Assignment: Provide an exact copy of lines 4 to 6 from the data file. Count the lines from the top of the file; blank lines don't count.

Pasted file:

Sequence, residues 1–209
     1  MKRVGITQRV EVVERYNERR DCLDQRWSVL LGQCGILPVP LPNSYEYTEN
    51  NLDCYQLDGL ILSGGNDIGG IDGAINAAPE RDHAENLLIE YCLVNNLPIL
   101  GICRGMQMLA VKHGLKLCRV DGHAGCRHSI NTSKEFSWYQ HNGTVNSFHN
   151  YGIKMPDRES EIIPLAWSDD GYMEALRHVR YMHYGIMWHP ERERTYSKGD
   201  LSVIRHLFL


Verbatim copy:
   101  GICRGMQMLA VKHGLKLCRV DGHAGCRHSI NTSKEFSWYQ HNGTVNSFHN
   151  YGIKMPDRES EIIPLAWSDD GYMEALRHVR YMHYGIMWHP ERERTYSKGD
   201  LSVIRHLFL